By Pascale Harter
The wide, tree-lined boulevards of Tunisia's capital are bustling with shoppers.
There's no crackle of suspense in the air, no debate at the street-side newspaper stands.
In fact, Sunday's presidential and legislative elections are barely making the front page - because every Tunisian knows who will win.
No surprises are expected in Tunisia's forthcoming elections
President Zine El Abidine Ben Ali and his Constitutional Democratic Rally have been in power for 17 years, and exercise almost complete control over Tunisian politics.
Landslide victories of more than 99% of the vote have earned the president criticism from abroad, and calls by Western politicians such as US President George Bush to implement urgent democratic reforms.
Of the few legalised opposition parties, two have called for a boycott of the presidential poll.
Others simply don't seem to have their heart in the job, with presidential candidates calling on Tunisians not to vote for them, but to re-elect the president instead.
'Facade of democracy'
Just two days before polling, Tunisia's main opposition party - so weak it doesn't have a single seat in parliament - pulled out of elections.
"This is a one-party state with a facade of democracy," said Democratic Progressive Party leader Najib Chebbi.
"And if we take part in the elections we will be legitimising this false process."
Ali Chaouch, Secretary General of the ruling RCD says it's just sour grapes.
"President Ben Ali will win the election because of all he has done for Tunisia, the spectacular development and investment he has brought here," he says.
It's true that a gleaming industrial park of Tunisian-owned manufacturing plants and businesses line the motorway from the airport to the capital.
Two thirds of Tunisians own their own home, and one of Africa's only tramways winds its way through the fashionable streets of the Mediterranean capital. In 1995 Jacques Chirac spoke of the "Tunisian miracle".
Tunisia implemented its own version of the French secularism law, banning the wearing of headscarves in schools and the public administration back in 1981 without much problem.
After the attack on the synagogue in Djerba in 2002, the threat of the Islamic bogeymen, appears to have been vanquished.
It's a peaceful, stable, well-developed oasis in an otherwise troubled continent. But at what cost?
At a Ben Ali campaign trail event for Tunisia's scientific community, people told me the president would get their vote.
"I am a scientific researcher and I am happy for everything Ben Ali has done. He has put huge investment into national scientific research," one woman told me.
"We Tunisians vote for President Ben Ali because he has really developed our country. For the last 17 years we've seen huge development in Tunisia."
"I'm voting for Ben Ali because of his past record. We're sure of what he's done in the past and so we can be sure of what he'll do in the future," said one man.
But they all preferred not to give me their names.
It's not wise to express a political opinion in Tunisia. On the streets people are reluctant to talk at all.
"Everything is fine," a young man told me, sitting at a cafe with his friends.
But once the microphone was off, he told a different story: "We are not free to say anything here. The economy is all right, life is all right, but we cannot speak."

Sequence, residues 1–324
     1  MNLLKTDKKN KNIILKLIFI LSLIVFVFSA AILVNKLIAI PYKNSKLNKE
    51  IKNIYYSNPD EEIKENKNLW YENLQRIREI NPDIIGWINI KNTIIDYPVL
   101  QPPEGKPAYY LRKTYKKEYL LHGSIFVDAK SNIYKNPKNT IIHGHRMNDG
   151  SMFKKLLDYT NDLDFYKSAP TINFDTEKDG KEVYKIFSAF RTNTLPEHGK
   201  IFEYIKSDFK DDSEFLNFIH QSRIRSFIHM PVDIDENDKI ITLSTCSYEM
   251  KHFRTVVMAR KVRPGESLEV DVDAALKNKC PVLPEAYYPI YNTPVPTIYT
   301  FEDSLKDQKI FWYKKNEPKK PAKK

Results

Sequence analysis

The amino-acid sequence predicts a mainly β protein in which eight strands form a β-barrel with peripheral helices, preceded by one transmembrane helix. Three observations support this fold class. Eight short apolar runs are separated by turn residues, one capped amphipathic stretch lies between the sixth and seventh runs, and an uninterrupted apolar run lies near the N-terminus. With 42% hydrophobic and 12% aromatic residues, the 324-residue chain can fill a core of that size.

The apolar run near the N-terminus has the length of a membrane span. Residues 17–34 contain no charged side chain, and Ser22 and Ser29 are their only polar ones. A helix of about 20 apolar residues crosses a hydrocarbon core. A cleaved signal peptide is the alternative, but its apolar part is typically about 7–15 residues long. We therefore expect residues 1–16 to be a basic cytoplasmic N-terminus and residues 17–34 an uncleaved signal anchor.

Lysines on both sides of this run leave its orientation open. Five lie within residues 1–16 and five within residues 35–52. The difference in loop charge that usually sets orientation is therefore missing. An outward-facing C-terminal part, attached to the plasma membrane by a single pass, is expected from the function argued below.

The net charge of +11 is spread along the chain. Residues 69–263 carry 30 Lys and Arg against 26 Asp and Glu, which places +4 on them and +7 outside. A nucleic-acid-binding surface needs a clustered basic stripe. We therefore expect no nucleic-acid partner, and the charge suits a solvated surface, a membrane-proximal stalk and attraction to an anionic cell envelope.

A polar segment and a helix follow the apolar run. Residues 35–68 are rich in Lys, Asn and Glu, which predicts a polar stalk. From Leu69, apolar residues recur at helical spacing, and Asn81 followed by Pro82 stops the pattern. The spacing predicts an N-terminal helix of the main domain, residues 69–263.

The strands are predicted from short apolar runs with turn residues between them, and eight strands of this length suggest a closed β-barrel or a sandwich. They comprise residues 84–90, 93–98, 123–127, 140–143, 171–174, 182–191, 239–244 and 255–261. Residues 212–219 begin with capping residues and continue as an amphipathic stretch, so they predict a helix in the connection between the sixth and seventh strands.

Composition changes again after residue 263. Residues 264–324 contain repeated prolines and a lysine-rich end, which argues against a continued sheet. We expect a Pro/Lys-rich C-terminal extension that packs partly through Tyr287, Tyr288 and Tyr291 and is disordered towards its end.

"Tunisians are afraid to speak out," says Hamma Hammami, leader of the banned Communist Party.
"There are plainclothes police everywhere and if you are not for Ben Ali, you are considered against him. You will not get a loan at the bank, they will stop you from getting electricity at your home, you might be arrested on a trumped-up driving offence, or just thrown in prison."
Mr Hammami himself has been imprisoned for his ideas, and says he was tortured there.
Amnesty International has expressed concern over the use of intimidation, arbitrary arrest and torture by the Tunisian police.
But is it, as some analysts claim, just the chattering classes who are bothered?
In the sweltering heat of a packed night-time rally of the opposition Attajdid party, one man in his 20s told me anonymously: "I'm here to listen to things Tunisians want to talk about but can't. If I could speak freely perhaps I would vote for Ben Ali, but I am not given that choice."
Ben Ali still seems to have reserves of popularity to see him through
The lack of freedom and democracy seems to be the most frequent complaint about what opposition supporters called "the regime of Ben Ali".
But some also had their doubts about Tunisia's much touted economic development too.
"It's a big joke," one man told me. "It's a lie that the economy is going well. I graduated in 1996 and I've been unemployed ever since."
Away from the polished streets, the tramways and expensive boutiques, there is growing unemployment and Tunisians earning an average wage of $350 a month are struggling to keep up with the costs of living in what has become a European city, with European prices.
The textile exports on which Tunisia depends are about to be undercut by a preferential trade agreement between Europe and China, which could result in tens of thousands of people losing their jobs.
With pro-Ben Ali flags and pictures hung outside cafes and businesses it looks as though Ben Ali still has reserves of popularity to see him through tough times ahead.
But with ever-watchful plainclothes police on every street corner, and debate in the free press deeply stifled, it's very hard to tell just how genuine that support is.